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Top-10 interior design trends for 2011? Let’s make a list

greigeI thought it would be fun to capture the top-10 design trends of 2011 — while the year is still fresh in our minds. We can also ask, “In 50 years, which will be keepers — and which… maybe not so much?”

vampire diaries
Much of the stuff they’re trying to sell us in 2011 looks like props and set designs from The Vampire Diaries. I adore vampires. But I don’t want to live in crypt.

The thing is, I spend so much time in retro-world that I don’t have the greatest sense of what has been “in” all year. My main connection to the “real world” is the New York Times Home & Garden every Thursday, and I go over to Apartment Therapy to see what they are up to, now and again. I also still get some catalogs, although they have mostly given up on me. So I need your help building a list, which we can then refine to the top-10:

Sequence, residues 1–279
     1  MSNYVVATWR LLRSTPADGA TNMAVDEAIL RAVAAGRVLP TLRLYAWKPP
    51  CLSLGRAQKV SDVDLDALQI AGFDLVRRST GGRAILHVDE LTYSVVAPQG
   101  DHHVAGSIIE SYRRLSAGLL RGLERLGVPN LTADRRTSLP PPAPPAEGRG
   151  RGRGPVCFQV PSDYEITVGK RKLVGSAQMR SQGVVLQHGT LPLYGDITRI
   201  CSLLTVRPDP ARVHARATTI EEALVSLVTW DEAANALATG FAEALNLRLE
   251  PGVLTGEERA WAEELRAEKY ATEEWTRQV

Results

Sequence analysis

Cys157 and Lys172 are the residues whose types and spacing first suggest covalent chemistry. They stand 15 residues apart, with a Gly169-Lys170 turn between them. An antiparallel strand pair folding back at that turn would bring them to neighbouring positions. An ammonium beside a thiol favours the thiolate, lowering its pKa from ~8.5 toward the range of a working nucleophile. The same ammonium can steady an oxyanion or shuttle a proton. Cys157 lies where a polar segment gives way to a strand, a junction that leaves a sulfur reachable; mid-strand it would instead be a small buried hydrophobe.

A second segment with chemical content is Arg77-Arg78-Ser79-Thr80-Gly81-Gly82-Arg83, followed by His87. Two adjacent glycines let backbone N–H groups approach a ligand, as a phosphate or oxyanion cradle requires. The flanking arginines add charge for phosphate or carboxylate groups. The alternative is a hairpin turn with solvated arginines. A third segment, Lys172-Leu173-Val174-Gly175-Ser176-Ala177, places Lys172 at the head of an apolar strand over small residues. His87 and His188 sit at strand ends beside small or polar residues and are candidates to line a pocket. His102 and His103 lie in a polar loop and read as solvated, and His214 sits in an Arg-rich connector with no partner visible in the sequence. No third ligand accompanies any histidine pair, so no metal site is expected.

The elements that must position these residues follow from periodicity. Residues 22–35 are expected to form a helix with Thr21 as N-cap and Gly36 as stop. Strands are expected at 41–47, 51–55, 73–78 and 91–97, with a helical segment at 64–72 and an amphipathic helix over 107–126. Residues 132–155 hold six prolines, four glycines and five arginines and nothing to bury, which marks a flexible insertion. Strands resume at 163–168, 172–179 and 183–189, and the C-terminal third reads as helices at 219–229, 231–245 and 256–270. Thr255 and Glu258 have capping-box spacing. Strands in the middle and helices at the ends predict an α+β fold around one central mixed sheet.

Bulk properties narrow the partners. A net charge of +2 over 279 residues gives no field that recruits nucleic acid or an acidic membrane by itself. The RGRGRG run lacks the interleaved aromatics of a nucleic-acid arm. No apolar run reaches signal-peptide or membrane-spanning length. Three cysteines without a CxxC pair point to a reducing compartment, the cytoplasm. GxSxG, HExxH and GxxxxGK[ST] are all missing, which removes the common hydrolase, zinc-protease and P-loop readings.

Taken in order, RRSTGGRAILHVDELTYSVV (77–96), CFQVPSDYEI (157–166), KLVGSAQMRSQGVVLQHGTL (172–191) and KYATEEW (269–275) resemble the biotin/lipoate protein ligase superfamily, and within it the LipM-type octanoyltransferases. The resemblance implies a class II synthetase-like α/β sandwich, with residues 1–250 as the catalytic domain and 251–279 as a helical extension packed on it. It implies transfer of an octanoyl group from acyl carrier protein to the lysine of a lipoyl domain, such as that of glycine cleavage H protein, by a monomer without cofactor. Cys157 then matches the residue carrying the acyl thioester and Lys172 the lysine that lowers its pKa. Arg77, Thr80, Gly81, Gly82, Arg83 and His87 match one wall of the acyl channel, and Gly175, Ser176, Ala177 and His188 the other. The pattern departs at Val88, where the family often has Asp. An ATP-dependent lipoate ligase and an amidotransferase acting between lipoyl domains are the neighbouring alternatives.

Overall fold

I have a few suggestions to help get started — please add your own!:

greige laminate

  • Greige Nation. Dark grey and greige everywhere, including laminates named after clammy death. Restoration Hardware gets the prize for interiors that look like they were designed by and for vampires. Although I think their prices and products are aimed at the 1%, not the 99%, dark grey and washed-out coordinates do seem to be everywhere at all price points. Accent colors: Plum and yellow.
  • Edison bulbs
  • Pendant lights made out of any possible piece of junk, errr, I mean, vintage treasure. “Put a Bulb In It!
  • Huge chandeliers made out of any possible piece of junk, errr, I mean, vintage treasure. Even more so: Layered chandeliers. That is: A big something (usually with vintage reference) on the outside, a chandelier on the inside. E.g.: Birdcage outside, three-arm chandelier inside… and big drum shades over capiz shells.